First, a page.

Learn which chakras are key in your happiness!
Posts Tagged ‘feel’
Want to know the trick for turning a blah day into something truly amazing?
Here’s a hint: that power lies within you. You just have to gain control over it.
Eat your way to happiness!
“All the sounds of the Earth are like music.”
What if you could literally massage your problems away?
That’s the idea behind this Chinese acupressure technique except that you’re “tapping” away your stress and anxiety.
Meditation is not a way of making your mind quiet. It’s a way of entering into the quiet that’s already there – buried under the 50,000 thoughts the average person thinks every day.
– Deepak Chopra
Yoga is a way to freedom. By its constant practice, we can free ourselves from fear, anguish and loneliness.
Stress Outlets will talk about which thinking distortion I struggle with the most, discuss solutions to negative thinking, and lay out a super simple formula you can use to re-frame irrational thoughts.
The other side of stress, what not to do, is rarely talked about.
Stress has two sides: thoughts and the behavior those thoughts spur.
Making a conscious effort to do the right thing is as important as knowing what you are doing wrong in relation to stress and negative energy.
To change your actions, you first must change your thoughts.
What Not To Do (10 Thinking Distortions):
- All-or-nothing thinking: You see things in black and white categories. If your performance falls short of perfect, you see yourself as a total failure.
- Overgeneralization: You see a single negative event as a never-ending pattern of defeat.
- Mental filter: You pick out a single negative detail and dwell on it exclusively so that your vision of all reality becomes darkened, like the drop of ink that discolors the entire beaker of water.
- Disqualifying the positive: You reject positive experiences by insisting they “don’t count” for some reason or other. You maintain a negative belief that is contradicted by your everyday experiences.
- Jumping to conclusions: You make a negative interpretation even though there are no definite facts that convincingly support your conclusion.
- Mind reading: You arbitrarily conclude that someone is reacting negatively to you and don’t bother to check it out.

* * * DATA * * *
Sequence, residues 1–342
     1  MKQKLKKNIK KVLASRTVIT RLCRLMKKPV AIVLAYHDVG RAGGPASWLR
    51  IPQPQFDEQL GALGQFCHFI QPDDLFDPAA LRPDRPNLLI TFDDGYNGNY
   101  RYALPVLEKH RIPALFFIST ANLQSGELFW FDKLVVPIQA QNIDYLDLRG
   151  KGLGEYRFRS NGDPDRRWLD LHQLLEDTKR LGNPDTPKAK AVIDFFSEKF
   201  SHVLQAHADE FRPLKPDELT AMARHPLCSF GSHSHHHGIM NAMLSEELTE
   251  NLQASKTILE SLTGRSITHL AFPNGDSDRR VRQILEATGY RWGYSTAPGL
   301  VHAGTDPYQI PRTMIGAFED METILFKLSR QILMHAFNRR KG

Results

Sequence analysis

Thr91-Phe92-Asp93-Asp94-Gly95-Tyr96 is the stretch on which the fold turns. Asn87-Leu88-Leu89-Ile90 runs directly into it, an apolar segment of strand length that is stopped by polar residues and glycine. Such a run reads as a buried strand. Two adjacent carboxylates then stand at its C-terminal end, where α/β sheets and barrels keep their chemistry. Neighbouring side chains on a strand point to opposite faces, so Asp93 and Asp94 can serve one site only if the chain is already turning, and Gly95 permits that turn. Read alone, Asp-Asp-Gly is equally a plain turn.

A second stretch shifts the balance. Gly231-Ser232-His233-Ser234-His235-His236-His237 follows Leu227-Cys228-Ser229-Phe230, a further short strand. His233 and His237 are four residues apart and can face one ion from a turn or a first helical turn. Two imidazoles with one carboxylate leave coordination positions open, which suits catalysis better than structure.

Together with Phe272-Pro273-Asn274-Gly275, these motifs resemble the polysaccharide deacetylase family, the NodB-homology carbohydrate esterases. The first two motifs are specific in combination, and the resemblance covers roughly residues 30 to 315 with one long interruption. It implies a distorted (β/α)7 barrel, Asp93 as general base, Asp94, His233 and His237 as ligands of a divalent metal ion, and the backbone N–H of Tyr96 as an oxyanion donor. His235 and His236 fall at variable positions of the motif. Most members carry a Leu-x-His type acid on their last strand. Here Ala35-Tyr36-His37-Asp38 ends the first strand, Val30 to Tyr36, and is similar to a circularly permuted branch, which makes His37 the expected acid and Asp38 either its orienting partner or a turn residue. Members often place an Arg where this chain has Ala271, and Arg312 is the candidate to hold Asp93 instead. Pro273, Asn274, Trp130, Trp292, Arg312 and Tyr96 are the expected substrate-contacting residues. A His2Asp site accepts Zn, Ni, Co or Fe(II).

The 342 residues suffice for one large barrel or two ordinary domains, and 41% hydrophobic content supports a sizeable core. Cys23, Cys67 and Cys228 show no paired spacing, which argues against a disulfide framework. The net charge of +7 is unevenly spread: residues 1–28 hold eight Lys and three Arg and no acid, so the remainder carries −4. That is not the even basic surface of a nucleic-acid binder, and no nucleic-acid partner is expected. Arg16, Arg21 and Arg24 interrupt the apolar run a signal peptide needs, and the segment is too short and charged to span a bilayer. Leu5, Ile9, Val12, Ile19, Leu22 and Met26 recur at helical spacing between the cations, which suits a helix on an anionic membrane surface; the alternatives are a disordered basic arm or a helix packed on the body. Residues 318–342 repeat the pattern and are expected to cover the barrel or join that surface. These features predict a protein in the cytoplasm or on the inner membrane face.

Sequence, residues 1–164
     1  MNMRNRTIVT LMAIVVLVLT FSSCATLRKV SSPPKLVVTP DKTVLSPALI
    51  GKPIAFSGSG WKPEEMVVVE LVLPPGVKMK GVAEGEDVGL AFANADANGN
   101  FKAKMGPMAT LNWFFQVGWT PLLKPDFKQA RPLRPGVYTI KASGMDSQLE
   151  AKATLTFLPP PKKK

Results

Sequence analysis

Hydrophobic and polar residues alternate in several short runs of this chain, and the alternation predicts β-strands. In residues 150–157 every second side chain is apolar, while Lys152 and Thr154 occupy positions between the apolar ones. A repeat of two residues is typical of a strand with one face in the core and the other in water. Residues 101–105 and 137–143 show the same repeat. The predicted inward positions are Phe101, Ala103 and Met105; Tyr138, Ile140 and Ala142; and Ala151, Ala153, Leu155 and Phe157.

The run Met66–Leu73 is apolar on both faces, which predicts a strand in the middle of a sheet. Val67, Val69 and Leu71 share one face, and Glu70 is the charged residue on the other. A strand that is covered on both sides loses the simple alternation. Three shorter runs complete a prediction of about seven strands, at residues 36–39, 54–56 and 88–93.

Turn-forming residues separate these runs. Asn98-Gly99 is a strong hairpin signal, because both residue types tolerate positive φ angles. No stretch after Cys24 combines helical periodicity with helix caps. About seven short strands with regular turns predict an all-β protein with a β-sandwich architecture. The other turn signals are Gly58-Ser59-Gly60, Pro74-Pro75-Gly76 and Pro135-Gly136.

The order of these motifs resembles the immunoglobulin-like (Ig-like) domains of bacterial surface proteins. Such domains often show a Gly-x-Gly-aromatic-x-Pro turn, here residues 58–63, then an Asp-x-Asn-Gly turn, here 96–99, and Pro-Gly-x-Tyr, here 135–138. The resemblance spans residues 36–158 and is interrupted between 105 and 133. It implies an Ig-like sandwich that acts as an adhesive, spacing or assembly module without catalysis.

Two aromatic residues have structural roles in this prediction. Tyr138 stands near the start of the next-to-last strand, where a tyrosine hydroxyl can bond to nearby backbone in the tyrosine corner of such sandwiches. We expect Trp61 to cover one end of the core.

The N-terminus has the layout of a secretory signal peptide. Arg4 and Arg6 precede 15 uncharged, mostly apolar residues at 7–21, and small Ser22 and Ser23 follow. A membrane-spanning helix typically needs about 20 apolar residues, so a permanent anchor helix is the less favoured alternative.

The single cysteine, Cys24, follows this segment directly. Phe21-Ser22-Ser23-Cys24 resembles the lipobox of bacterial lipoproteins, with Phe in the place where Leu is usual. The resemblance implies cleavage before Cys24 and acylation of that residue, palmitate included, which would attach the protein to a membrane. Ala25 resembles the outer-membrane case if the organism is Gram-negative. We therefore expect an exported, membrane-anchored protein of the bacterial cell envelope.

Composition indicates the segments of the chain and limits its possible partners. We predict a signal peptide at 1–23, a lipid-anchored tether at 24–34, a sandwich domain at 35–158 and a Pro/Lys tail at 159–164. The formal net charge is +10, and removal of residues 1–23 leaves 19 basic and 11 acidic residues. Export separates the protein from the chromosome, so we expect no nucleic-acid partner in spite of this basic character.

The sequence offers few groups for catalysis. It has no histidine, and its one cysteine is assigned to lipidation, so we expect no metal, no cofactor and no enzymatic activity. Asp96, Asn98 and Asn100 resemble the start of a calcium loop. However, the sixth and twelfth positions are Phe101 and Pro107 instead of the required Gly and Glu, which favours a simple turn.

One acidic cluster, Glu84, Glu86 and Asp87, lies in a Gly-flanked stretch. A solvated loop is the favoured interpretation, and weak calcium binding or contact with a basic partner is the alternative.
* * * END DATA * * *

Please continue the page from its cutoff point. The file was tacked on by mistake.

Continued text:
- The Fortune Teller Error: You anticipate that things will turn out badly and feel convinced that your prediction is an already-established fact.
- Magnification (catastrophizing) or minimization: You exaggerate the importance of things (such as your goof-up or someone else’s achievement), or you inappropriately shrink things until they appear tiny (your own desirable qualities or someone else’s limitations).
- Emotional reasoning: You assume that your negative emotions necessarily reflect the way things really are: “I feel it, so it must be true.”
- Should statements: You try to motivate yourself with shoulds and shouldn’ts, as if you have to be punished before you can be expected to do anything. “Musts” and “oughts” are also offenders. The emotional consequence is guilt. When you direct should statements toward others, you feel anger, frustration, and resentment.
- Labeling and mislabeling: This is an extreme form of overgeneralization. Instead of describing your error, you attach a negative label to yourself: “I’m a loser.” When someone else’s behavior rubs you the wrong way, you attach a negative label to him, “He’s a jerk.” Mislabeling involves describing an event with language that is highly colored and emotionally loaded.
- Personalization: You see yourself as the cause of some problem, or take on someone’s opinion as having more value than it does.
Now, you can start noticing your patterns of thoughts to see which thinking distortions you practice the most.
Once you realize which distortions are prevalent in your mind, you can begin to understand why you think a certain way and begin to eradicate them and replace them with positivity.
Go through this list carefully and see which of these negative thought patterns you tend to have.
Next week, I’ll tell you which one I have to watch out for and an easy formula you can use to instantly change your thought pattern and diffuse stress.
For more tips, check out 21 Ways to Cope with Stress
Burns, David D., MD. (1989). The Feeling Good Handbook. New York: William Morrow and Company, Inc.